• It is high time when we need to understand that the word is a linkage between many prevalent communities including animals. Without their existence, humans would cease to exist. 
  • Therefore, considering the substantial role played by animals in our lives, we need to sensitise those who wilfully hurt animals. 
  • Proper implementation of laws is the need of the hour in addition to instilling the compassionate feeling in an individual. 

Fixing India’s Malnutrition Problem

In Context

  • Experts have suggested several approaches to address the problem of chronic malnutrition.


  • About:
    • It refers to deficiencies, excesses or imbalances in a person’s intake of energy and/or nutrients. 
    • It is a chronic problem and a longstanding challenge for the public administration of India.
  • The term malnutrition addresses 3 broad groups of conditions:
    • Undernutrition:
      • It includes wasting (low weight-for-height), stunting (low height-for-age) and underweight (low weight-for-age)
      • Together, the stunted and wasted children are considered to be underweight, indicating a lack of proper nutritional intake and inadequate care post-childbirth.
    • Micronutrient-related malnutrition:
      • It includes micronutrient deficiencies (a lack of important vitamins and minerals) or micronutrient excess; and
    • Overweight:
      • It includes obesity and diet-related noncommunicable diseases (such as heart disease, stroke, diabetes and some cancers).

Various reports on Malnutrition in India 

  • Global Hunger Index (GHI) 2022:
    • India ranked 107 out of 121 countries in the Global Hunger Index (GHI) 2022.
    • The GHI is an important indicator of nutrition, particularly among children, as it looks at stunting, wasting and mortality among children, and at calorific deficiency across the population. 
  • National Family Health Survey (NFHS-5):
    • India’s National Family Health Survey (NFHS-5) from 2019-21 reported that in children below the age of five years, 35.5% were stunted, 19.3% showed wasting, and 32.1% were underweight.
  • The State of Food Security and Nutrition in the World 2020 report:
    • Undernutrition in India is also a gendered problem.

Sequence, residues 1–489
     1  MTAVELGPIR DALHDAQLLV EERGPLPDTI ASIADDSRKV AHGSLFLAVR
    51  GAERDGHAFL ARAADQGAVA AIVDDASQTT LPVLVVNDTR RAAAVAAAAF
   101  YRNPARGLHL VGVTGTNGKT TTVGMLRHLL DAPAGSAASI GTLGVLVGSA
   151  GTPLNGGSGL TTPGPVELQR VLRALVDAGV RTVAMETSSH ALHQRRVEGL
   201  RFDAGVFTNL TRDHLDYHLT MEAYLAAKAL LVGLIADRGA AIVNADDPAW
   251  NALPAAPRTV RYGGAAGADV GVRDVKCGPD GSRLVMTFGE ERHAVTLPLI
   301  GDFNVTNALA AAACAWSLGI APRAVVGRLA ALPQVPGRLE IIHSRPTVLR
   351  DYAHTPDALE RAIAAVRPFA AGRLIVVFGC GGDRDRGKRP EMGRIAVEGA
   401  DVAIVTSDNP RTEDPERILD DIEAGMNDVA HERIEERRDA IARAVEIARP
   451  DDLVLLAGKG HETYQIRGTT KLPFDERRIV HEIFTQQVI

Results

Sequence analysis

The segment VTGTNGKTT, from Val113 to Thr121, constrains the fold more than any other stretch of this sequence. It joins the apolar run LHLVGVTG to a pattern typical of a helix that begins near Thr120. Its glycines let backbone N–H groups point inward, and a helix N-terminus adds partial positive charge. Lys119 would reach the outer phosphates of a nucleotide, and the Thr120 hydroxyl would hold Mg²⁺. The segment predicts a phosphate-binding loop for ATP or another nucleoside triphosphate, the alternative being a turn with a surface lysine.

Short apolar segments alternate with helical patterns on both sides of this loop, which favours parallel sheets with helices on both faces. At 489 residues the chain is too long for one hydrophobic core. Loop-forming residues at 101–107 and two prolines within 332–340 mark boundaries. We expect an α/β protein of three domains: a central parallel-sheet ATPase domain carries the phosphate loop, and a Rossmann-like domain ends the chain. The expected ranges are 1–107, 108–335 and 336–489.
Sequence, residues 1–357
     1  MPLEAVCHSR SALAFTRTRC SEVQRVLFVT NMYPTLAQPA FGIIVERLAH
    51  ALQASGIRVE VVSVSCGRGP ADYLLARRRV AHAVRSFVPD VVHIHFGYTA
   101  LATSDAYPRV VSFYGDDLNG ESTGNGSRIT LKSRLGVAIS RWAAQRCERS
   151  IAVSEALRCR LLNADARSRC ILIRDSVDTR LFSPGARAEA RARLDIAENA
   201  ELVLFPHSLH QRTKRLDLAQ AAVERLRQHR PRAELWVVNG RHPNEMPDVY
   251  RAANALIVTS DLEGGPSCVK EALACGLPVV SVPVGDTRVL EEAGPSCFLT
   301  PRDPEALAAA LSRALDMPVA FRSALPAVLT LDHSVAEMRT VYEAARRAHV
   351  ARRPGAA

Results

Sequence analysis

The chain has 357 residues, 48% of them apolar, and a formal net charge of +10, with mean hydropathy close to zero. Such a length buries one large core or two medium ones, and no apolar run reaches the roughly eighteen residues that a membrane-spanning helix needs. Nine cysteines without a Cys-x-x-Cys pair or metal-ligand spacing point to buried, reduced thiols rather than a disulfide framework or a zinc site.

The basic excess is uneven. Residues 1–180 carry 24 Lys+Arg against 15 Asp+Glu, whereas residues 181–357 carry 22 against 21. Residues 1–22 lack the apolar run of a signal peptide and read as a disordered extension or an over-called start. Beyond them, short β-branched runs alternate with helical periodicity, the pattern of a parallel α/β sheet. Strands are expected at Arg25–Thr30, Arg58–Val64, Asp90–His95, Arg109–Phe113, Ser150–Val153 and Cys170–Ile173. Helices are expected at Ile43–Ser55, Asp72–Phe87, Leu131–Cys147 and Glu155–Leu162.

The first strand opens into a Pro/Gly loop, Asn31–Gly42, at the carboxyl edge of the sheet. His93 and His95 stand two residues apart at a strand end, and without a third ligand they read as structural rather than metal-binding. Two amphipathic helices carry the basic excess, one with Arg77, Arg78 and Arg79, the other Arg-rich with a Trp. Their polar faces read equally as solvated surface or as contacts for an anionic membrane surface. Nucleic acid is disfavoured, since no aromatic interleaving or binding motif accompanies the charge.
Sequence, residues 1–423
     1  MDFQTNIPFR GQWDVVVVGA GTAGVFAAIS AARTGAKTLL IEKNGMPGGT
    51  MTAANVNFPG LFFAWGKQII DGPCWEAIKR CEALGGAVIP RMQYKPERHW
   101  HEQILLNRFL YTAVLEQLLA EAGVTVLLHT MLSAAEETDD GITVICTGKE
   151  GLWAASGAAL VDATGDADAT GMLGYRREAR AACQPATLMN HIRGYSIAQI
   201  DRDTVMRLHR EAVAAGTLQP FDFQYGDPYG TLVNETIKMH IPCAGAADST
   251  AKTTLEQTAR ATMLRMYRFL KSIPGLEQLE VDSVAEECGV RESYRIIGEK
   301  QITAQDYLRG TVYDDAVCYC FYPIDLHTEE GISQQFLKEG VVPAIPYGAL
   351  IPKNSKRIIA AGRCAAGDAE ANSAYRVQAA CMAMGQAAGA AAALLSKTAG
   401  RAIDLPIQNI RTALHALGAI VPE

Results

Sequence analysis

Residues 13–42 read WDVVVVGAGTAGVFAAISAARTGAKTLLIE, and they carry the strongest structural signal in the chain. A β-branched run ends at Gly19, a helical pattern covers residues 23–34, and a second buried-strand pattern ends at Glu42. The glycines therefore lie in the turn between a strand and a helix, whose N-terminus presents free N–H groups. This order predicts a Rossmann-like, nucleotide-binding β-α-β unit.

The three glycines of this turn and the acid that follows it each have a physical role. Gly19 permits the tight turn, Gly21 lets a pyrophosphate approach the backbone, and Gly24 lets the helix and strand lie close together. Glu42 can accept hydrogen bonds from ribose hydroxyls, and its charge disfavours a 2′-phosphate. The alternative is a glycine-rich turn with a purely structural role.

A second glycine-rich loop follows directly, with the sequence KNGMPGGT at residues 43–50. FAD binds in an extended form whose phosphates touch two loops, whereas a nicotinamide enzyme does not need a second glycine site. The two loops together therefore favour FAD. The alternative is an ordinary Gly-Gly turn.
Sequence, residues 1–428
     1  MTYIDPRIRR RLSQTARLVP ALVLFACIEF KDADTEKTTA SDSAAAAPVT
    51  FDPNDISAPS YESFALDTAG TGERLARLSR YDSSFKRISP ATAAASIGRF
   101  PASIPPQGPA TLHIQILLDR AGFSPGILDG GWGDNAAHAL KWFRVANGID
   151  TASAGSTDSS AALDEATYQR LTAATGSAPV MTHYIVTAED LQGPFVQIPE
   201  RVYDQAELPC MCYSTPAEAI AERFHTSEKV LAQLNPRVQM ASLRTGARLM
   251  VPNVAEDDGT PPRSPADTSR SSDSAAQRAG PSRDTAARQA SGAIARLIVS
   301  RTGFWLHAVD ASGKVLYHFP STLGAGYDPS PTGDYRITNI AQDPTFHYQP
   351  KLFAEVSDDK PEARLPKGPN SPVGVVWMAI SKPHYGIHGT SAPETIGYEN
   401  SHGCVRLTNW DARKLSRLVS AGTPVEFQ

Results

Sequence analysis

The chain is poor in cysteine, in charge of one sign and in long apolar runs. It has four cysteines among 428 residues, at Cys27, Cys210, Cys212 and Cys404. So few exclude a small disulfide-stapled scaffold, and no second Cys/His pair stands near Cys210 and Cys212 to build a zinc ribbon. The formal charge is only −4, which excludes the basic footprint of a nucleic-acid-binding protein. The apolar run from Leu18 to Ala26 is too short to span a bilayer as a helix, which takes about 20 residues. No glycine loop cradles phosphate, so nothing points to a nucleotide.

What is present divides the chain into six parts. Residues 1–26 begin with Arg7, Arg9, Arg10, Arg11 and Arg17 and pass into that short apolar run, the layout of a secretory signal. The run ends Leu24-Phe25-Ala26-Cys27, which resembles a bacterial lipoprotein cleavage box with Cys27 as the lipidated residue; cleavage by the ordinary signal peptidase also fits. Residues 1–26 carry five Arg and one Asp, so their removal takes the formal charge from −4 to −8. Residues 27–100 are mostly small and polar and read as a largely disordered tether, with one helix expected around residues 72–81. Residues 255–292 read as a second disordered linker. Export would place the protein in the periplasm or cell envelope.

• According to The State of Food Security and Nutrition in the World 2020 report, in 2016, nearly 51.4 percent of women of reproductive age in India were suffering from anemia.
      • Almost 50 percent of women are facing severe undernutrition and Anaemia.

Measures Taken to Tackle Malnutrition

  • Poshan Abhiyan:
    • It is a multi-ministerial convergence mission with the vision to ensure the attainment of malnutrition free India by 2022.
    • The Ministry of Women and Child Development (MWCD) is implementing POSHAN Abhiyaan.
  • Prime Minister’s Overarching Scheme for Holistic Nutrition (POSHAN) 2.0 scheme: 
    • It now includes the Integrated Child Development Services (ICDS) scheme, which seeks to work with adolescent girls, pregnant women, nursing mothers and children below three.
  • Integrated Child Development Services:
    • It represents one of the world’s largest and unique programmes for early childhood care and development.
    • The beneficiaries under the Scheme are children in the age group of 0-6 years, pregnant women and lactating mothers
    • The Ministry of Women and Child Development is the implementing agency.
  • Mid-Day Meal Scheme:
    • The Mid-day Meal Scheme is a school meal programme in India designed to better the nutritional standing of school-age children
    • It covers all school students studying in Classes 1 to 8 of government schools, government-aided schools, special training centres, including madrasas supported under Samagra Shiksha Abhiyan.
  • National Food Security Mission:
    • It was launched in 2007-08 by the Ministry of Agriculture and Farmers’ Welfare as a Centrally Sponsored Scheme.
    • It focuses on the sustainable increase in the production of targeted crops through area expansion and productivity enhancement.
  • National Nutrition Mission:
    • It is the government’s flagship programme to improve nutritional outcomes for children, pregnant women and lactating mothers.
    • Aim: 
      • To reduce stunting and wasting by 2 percent per year (total 6 per cent until 2022) among children and anemia by 3 percent per year (total 9 per cent until 2022) among children, adolescent girls and pregnant women and lactating mothers.
    • The Ministry of Women and Child Development is the nodal ministry for implementation.

Issues with addressing the problem of malnutrition

  • Inadequate funding & implementation:
    • Gaps remain in how the already existing centrally-sponsored schemes are funded and implemented.
    • The budgets being allocated are nowhere near the scale of the funds that are required to improve nutrition in the country.
  • Manpower constraints:
    • Over 50% Child Development Project Officer (CDPO) posts were vacant in Jharkhand, Assam, Uttar Pradesh, and Rajasthan, pointing to severe manpower constraints in successfully implementing the scheme of such importance. 
  • No routine in social audits:
    • Social audits that are meant to allow for community oversight of the quality of services provided in schools are not carried out routinely.
  • Issues with cash transfers:
    • Cash transfers seem to be a favoured solution for several social sector interventions in India today, and this includes the health and nutrition sectors.
    • But evidence of the impact of cash transfer on child nutrition in India is limited so far. 
    • The effect of cash transfers is also limited in a context where food prices are volatile and inflation depletes the value of cash. 
  • Social Factors: